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I quickly selected the subject and refined the edges (Yes we teach these techniques in our Photoshop Bootcamp classes).

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Drag and drop the image onto my custom canvas backdrop and the job is done!

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If desired I can go to Curve adjustment and fine tweak the layers as needed.

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And now you have another technique for your editing tool box of ideas.

If you want to learn more about Photoshop Elements or CC please join us for our upcoming Photoshop Bootcamp. Add your name here and as soon as we schedule the Bootcamp we will send you all the information.

Ted and the Omnilargess Team

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Lightroom Map

Lightroom Map Tutorial

Photo Tip Friday January 3, 2014

Happy New Year folks and let’s make 2014 a “Photo Organizing” year!

As a photographer I always use keywords and tagging for my images, two simple steps which makes finding images a breeze. You may have thousands of images in your hard drives and when you want to select some images for your projects, it can be time consuming to find the photos you are looking for. Key words and tagging are very helpful, but what if you are searching for images from a particular location regardless of the keywords? What if you key worded all of your images as “Abbotsford” but now you are looking for images from “Fish Trap Creek Park” in Abbotsford? Or you key worded your images as a trip to Bellingham and there are hundreds of images but you are searching for images you took in one of the parks and you can not remember the name of the park?

Your camera may not have a GPS unit, neither does mine, but thanks to Lightroom Map module you can geo-tag your images and make searching images more fun!

One of my resolutions for 2014 is to geo-tag all of my photos and in this tutorial you will see how easy and fast you can do it by utilizing Lightroom’s Map module.

-Open Lightroom and go to Map Module

Lightroom Map Module makes Geo-tagging very simple

Lightroom Map Module makes Geo-tagging very simple

-In search box type the location; Google and Lightroom will find the location for you

Type the name or address of a specific location in Lightroom Map search box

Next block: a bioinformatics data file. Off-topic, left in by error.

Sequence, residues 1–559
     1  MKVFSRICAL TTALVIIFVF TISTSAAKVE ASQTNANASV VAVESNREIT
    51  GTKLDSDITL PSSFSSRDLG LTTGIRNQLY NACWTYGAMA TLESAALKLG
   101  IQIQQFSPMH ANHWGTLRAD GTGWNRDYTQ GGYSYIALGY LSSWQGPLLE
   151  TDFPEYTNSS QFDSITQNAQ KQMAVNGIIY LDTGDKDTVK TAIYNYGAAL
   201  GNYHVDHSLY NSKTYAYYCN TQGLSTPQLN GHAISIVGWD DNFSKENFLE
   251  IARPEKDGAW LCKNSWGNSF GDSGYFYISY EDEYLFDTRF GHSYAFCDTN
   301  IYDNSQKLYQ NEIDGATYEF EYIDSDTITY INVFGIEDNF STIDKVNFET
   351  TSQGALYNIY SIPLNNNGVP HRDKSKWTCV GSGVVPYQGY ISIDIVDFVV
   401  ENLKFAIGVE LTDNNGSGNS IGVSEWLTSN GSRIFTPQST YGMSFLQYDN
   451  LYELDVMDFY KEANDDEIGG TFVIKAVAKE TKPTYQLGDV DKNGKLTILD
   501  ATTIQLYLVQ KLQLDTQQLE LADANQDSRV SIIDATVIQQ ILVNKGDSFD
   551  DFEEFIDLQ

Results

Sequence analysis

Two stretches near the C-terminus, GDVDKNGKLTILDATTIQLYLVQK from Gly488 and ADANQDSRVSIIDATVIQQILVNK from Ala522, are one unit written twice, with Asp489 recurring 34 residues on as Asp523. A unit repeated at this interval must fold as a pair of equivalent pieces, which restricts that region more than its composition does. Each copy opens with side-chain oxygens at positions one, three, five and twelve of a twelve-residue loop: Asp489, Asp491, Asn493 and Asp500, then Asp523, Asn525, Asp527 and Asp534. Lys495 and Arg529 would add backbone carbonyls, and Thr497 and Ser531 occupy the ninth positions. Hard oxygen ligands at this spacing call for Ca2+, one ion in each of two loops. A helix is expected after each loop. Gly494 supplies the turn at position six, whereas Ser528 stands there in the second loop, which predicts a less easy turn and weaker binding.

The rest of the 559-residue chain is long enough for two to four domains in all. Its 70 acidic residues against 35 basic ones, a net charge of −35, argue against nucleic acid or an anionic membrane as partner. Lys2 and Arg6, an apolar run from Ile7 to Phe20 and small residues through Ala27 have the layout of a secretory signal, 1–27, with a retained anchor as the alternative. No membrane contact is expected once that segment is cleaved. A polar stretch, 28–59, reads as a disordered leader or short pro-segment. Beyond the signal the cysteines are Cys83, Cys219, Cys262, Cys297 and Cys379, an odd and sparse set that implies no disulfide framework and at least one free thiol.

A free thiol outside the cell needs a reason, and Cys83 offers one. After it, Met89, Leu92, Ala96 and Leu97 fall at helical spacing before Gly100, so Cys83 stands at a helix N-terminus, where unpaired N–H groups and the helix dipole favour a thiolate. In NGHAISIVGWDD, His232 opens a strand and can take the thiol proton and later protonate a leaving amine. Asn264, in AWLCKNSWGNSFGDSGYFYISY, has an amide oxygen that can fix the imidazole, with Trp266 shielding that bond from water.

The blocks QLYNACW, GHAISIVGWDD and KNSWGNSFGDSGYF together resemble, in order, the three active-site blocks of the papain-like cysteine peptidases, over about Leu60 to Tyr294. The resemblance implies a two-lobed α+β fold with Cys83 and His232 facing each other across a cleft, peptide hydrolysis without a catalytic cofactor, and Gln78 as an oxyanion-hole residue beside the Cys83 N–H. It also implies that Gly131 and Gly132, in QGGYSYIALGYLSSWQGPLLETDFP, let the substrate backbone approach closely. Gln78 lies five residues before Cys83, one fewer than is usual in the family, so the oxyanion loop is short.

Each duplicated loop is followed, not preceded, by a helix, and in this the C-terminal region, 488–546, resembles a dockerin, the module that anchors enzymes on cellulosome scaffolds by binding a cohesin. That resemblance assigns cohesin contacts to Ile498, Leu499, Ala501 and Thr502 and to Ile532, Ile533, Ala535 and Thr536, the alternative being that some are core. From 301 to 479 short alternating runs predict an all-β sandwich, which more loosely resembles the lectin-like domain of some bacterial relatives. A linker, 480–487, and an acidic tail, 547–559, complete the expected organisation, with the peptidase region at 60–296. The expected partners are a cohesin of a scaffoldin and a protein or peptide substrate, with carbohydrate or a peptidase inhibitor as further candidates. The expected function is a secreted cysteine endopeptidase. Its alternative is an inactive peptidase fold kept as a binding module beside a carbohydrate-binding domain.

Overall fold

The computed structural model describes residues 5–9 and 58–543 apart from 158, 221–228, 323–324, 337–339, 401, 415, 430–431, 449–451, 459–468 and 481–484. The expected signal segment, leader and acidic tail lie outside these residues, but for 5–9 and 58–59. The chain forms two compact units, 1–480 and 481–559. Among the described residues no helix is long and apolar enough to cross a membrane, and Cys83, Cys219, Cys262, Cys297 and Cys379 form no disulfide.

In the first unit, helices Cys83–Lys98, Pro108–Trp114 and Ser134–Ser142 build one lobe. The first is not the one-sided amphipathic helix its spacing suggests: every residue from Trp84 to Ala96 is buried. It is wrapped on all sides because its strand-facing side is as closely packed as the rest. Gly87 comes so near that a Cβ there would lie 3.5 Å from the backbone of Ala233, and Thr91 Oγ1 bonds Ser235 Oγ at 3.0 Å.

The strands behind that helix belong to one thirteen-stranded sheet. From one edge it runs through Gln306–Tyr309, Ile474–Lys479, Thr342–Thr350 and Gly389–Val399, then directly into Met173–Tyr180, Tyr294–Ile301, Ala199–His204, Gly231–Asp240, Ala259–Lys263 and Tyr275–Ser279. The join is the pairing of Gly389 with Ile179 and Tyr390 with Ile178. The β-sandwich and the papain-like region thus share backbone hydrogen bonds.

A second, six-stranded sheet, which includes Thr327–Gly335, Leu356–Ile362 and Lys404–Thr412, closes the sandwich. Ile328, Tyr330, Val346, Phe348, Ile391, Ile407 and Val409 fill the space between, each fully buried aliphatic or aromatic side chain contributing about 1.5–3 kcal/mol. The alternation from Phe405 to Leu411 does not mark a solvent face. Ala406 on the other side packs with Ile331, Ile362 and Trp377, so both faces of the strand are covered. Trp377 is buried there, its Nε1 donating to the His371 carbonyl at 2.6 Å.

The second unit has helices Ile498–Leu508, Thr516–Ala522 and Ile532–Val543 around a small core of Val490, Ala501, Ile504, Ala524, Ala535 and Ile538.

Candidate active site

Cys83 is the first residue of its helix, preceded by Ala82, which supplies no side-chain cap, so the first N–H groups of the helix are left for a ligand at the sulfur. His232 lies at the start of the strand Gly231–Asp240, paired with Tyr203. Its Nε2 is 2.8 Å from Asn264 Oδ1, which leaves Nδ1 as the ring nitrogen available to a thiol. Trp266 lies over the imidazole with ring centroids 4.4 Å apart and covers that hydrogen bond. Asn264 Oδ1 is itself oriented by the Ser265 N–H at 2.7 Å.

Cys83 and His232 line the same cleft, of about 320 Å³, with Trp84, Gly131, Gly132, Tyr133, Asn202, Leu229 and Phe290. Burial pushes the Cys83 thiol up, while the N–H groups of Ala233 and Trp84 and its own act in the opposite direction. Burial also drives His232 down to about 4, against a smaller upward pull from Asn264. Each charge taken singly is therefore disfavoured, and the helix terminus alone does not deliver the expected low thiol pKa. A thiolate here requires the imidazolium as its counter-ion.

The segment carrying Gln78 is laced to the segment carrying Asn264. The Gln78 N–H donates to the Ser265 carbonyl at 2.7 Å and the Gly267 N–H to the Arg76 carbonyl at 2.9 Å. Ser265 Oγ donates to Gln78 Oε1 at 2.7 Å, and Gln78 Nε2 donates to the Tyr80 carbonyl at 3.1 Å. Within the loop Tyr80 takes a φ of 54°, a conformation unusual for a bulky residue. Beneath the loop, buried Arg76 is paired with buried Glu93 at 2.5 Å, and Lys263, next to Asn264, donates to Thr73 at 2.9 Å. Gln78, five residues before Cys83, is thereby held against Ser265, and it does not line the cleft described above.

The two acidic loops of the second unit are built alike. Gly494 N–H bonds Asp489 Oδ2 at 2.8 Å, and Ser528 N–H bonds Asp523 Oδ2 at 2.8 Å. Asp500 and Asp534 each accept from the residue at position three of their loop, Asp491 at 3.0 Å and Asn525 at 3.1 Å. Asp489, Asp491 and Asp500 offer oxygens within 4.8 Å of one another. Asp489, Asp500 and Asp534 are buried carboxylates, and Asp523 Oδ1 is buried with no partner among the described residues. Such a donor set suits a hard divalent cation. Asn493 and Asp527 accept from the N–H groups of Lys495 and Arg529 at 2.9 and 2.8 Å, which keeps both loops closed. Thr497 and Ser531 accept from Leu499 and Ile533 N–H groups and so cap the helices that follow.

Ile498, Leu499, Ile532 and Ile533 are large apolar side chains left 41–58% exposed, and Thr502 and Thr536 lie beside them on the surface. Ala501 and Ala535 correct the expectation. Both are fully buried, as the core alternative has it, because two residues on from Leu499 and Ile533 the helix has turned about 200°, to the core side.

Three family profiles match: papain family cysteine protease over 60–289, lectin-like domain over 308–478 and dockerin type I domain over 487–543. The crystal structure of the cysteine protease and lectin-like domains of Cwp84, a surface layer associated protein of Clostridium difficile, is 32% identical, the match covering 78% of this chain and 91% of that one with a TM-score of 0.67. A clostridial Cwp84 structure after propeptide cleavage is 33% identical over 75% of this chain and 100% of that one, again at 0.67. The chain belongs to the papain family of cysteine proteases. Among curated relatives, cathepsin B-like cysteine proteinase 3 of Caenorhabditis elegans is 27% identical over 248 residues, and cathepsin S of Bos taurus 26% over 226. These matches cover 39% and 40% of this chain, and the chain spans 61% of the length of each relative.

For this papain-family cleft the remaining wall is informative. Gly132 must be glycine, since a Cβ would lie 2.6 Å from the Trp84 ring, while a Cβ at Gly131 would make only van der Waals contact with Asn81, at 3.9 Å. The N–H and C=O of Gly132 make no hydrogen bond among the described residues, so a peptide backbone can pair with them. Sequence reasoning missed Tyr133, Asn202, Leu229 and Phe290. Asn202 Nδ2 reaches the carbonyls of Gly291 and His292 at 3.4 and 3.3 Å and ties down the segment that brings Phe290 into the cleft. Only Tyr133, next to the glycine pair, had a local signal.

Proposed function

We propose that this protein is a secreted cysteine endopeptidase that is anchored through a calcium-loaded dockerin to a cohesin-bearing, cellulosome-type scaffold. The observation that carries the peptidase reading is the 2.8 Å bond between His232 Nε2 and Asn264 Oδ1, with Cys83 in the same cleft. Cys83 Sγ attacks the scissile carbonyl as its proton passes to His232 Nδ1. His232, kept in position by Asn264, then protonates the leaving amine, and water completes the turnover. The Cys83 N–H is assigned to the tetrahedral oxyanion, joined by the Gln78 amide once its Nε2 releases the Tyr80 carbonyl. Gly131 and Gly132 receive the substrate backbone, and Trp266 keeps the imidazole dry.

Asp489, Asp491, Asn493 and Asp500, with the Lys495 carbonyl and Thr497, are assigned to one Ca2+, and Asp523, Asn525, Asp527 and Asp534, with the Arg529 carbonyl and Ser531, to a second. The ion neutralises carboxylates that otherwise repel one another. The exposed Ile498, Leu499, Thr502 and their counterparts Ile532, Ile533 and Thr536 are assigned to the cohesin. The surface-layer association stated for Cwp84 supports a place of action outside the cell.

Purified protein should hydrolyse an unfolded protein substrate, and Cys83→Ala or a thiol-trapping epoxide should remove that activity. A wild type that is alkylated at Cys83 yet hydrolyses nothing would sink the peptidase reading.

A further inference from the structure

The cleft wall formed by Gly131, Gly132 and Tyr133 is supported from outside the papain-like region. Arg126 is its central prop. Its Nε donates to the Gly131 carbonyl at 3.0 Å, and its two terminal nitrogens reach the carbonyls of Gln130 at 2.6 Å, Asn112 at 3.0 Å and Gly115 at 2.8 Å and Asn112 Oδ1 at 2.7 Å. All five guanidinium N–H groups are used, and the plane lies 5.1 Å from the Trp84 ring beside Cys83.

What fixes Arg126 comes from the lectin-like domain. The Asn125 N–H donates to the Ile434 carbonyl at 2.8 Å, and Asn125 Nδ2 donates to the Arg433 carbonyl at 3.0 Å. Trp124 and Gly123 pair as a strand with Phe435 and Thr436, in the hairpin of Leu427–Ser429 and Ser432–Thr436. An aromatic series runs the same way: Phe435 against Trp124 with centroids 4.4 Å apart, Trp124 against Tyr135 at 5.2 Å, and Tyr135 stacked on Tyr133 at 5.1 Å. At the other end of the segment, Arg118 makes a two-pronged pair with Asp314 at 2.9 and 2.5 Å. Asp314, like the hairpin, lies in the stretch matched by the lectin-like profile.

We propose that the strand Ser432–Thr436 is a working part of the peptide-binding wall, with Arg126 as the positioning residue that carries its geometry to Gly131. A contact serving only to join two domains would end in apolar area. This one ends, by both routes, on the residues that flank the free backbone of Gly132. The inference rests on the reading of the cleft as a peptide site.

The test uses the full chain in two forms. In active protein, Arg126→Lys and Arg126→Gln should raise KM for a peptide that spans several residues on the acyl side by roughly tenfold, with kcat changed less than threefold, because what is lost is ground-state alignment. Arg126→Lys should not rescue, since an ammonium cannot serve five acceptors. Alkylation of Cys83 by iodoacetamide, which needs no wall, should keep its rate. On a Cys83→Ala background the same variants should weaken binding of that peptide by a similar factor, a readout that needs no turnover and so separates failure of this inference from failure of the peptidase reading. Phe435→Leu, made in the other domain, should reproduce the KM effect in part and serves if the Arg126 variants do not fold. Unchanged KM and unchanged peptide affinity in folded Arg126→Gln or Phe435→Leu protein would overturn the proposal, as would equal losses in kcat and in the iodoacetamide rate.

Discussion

Type the name or address of a specific location in Lightroom Map search box

 

-From the Filmstrip select all photos that belong to this location

Lightroom Map Finds the location and Pinned it for adding images

Lightroom Map Finds the location and Pinned it for adding images

 

-Drag and drop the images to the location

Lightroom map finds the location using Google Map

Lightroom map finds the location using Google Map

 

-Job is done. Lightroom has added the location to Metadata for you!

Drag selected images to Lightroom Map

Drag selected images to Lightroom Map

 

In this example I took some amazing photos in Bellingham Washington a few years ago. I key worded them with many keywords, but there were some photos taken in a park and I could not remember the name or address of that park. Lightroom Map Module makes it very easy for me to find the exact location! Here how it works:

In Lightroom Library find the images to add Geo-tag

In Lightroom Library find the images to add Geo-tag

-I typed Bellingham WA in search box and Lightroom showed me the map

In Lightroom Map search box type the general address

In Lightroom Map search box type the general address

 

-Then I zoomed to the map (Satellite view) to see the lake and the park that I was searching for

 

-I selected the images and dragged them to the location

Zoom in Lightroom Map to find the exact location

Zoom in Lightroom Map to find the exact location

 

-I can even go farther and spread them into different part of the location

 

-Lightroom Map added the exact Geo-tag to the selected pictures!

Lightroom Map adds Geo-tag to Metadata

Lightroom Map adds Geo-tag to Metadata

 

That is all for now. Stay tuned for more Photo Tip Friday.

Ted and the Omnilargess Team

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Quick Portrait Editing

Just a note to remind you that our Quick Portrait Editing Techniques class is coming up on the weekend. In this class, you will learn the most important areas to focus your attention, when editing a portrait. This class will also simplify and speed up your work flow, so that you get great results with minimal effort. Taking the photo is the first step, but editing your photo well will make it shine! (Thanks to Anita, from Perfect Moments Photography, for her awesome photos)

A great photo is a great start...

A great photo is a great start…

Editing your photo with a few simple steps can really make a difference!

Editing your photo with a few simple steps can really make a difference!

 

We work in both Photoshop CS versions, as well as Elements versions.

Don’t forget to register quickly so that we can reserve your seat!